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Dressing up to pray for rain

(No.2, Vol.7,Apr-May 2017 Vietnam Heritage Magazine)


At the Praying For Rain Festival of the Lolo people, Ha Giang Province. 

Photos: Vu To Hao





Ha Giang Province.
Photo: Tran Binh An


Lolo villagers offer up their best
to seek the favour of the gods



Praying for rain is a tradition of many of the 54 ethnicities in Vietnam, although it is quite different from one minority to another. One of the most ancient, most unique and best-known by the wider world is that of Lolo communities in Meo Vac District of Ha Giang Province.
The Lolo ethnic group has a population of about 5,000 people scattered in many provinces, mainly in Ha Giang Province (about 1,500 people) and Cao Bang Province (nearly 2,500 people). They have a rich folklore which includes songs, dances and sagas. They worship their ancestors and believe that everything in the world has a soul.


Taking part in a Lolo rain prayer can be combined with exploring the remote Meo Vac District (bordering China). You can visit Sang Pa A, a typical Lo Lo village, and famous places such as Nho Que River, Tu Sang Chasm, and Ma Pi Leng Pass. If possible, you should also stay a little longer in Meo Vac to see the Khau Vai Love bazaar, where young men and girls gather to seek a life companion, on the 27th of the 3rd lunar month, an event that takes place only once a year.


The most striking feature of Lolo people is their ornamental brocades. Their festive dresses, especially those of the women, are perhaps the most colourful and intricately made in Vietnam.
Lolo rain prayer festival usually takes place on the 15th, 17th or 19th of the 3rd lunar month at Sang Pa A Village of Meo Vac township. The purpose is, of course, to pray to the gods, heaven and earth, to beg for good weather, good crops and health. This is also an occasion for villagers to gather and talk common business and for young people to exchange signals of affection.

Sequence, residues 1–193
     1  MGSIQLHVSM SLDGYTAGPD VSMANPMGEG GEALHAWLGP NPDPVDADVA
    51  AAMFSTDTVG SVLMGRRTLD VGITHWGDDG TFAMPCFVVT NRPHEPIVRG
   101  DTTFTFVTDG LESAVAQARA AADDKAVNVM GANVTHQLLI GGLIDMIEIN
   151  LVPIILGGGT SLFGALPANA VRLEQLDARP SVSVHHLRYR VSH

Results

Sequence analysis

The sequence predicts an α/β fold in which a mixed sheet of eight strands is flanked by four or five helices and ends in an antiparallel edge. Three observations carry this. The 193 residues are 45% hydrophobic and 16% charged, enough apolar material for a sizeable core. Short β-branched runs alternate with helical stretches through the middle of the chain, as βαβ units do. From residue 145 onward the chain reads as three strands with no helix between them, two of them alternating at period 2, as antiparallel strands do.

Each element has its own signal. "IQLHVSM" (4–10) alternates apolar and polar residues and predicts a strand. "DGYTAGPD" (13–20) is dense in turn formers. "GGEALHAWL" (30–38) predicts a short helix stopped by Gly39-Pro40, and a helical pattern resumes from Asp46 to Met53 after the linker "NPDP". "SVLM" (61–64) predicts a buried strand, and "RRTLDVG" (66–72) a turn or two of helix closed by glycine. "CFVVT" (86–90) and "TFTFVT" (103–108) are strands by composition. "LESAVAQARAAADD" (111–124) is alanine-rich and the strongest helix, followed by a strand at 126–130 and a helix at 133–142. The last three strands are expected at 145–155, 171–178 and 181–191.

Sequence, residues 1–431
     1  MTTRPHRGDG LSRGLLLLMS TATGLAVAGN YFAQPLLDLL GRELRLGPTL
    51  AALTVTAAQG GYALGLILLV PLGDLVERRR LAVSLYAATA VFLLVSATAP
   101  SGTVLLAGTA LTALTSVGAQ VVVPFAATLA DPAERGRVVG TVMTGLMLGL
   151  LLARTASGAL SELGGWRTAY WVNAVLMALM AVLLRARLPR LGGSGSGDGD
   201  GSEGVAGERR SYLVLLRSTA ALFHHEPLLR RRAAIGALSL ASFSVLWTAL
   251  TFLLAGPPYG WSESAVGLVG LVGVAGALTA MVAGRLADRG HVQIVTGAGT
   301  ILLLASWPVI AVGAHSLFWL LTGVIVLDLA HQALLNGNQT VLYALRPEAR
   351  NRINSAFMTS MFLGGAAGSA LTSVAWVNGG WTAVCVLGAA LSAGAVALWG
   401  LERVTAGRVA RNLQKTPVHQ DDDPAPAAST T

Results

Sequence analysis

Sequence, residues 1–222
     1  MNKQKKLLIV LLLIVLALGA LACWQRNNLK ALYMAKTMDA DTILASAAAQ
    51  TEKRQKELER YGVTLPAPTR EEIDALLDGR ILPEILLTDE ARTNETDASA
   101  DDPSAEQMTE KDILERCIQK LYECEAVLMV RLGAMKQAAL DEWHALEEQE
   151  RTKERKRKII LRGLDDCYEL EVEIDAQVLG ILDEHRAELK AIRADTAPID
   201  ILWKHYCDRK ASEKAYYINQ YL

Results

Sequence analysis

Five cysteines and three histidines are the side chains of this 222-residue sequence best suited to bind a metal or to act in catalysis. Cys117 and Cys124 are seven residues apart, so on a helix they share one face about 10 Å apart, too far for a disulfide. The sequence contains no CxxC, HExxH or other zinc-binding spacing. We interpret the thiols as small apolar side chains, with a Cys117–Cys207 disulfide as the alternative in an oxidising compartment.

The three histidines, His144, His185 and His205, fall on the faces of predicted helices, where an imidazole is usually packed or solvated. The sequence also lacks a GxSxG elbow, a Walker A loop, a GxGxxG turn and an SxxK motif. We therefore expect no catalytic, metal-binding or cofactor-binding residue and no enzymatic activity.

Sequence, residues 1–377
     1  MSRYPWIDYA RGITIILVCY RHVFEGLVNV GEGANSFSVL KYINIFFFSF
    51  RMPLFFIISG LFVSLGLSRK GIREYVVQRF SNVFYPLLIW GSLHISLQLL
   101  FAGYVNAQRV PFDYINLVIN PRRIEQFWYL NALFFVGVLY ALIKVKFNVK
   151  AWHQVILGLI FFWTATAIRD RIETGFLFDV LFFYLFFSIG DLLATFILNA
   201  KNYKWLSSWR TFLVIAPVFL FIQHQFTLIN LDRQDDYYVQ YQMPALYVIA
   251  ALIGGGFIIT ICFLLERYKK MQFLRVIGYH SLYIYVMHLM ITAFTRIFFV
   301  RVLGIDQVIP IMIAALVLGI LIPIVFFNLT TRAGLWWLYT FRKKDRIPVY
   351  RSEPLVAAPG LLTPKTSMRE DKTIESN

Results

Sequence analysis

In the past, rich families bore the expenses of festivities for the whole village. Today, almost everybody contributes what they can, including chickens, dogs, rice and wines to the village head or shaman.
On the day of the ritual, all the contributions are brought to a large clearance in the village centre or near the paddies. Live sacrificial animals are tied to the ritual altar. The ritual host, usually a highly reputed elder or shaman, begins the day by asking permission from the forefathers.
As the host finishes the introduction, young men take the dogs and chicken out to make them into food. Then the prepared food is arranged on the altar table with wines, a sword and four bamboo incense pipes representing four directions of the universe. Having double-checked that the offerings are ready, the host begins long melodic prayers in the Lolo language, accompanied by two-string violins and a bronze drum, a Lolo sacred treasure. Villagers in their colourful festive dresses stand respectfully and solemnly around the host while he is communicating with the spiritual world.
The prayers end by the host burning votive paper at the corners of the altar, sprinkling wine to the four directions and thanking heaven and earth. Villagers begin a lavish feast with chicken, dog meat and homebrewed drinks.
As the drinks elevate their mood to a high level, beautifully dressed young men and girls tighten their circle to play two-string violins, dance and sing ancient tunes praising the land and the love between men and women.


 

By Duc Thang
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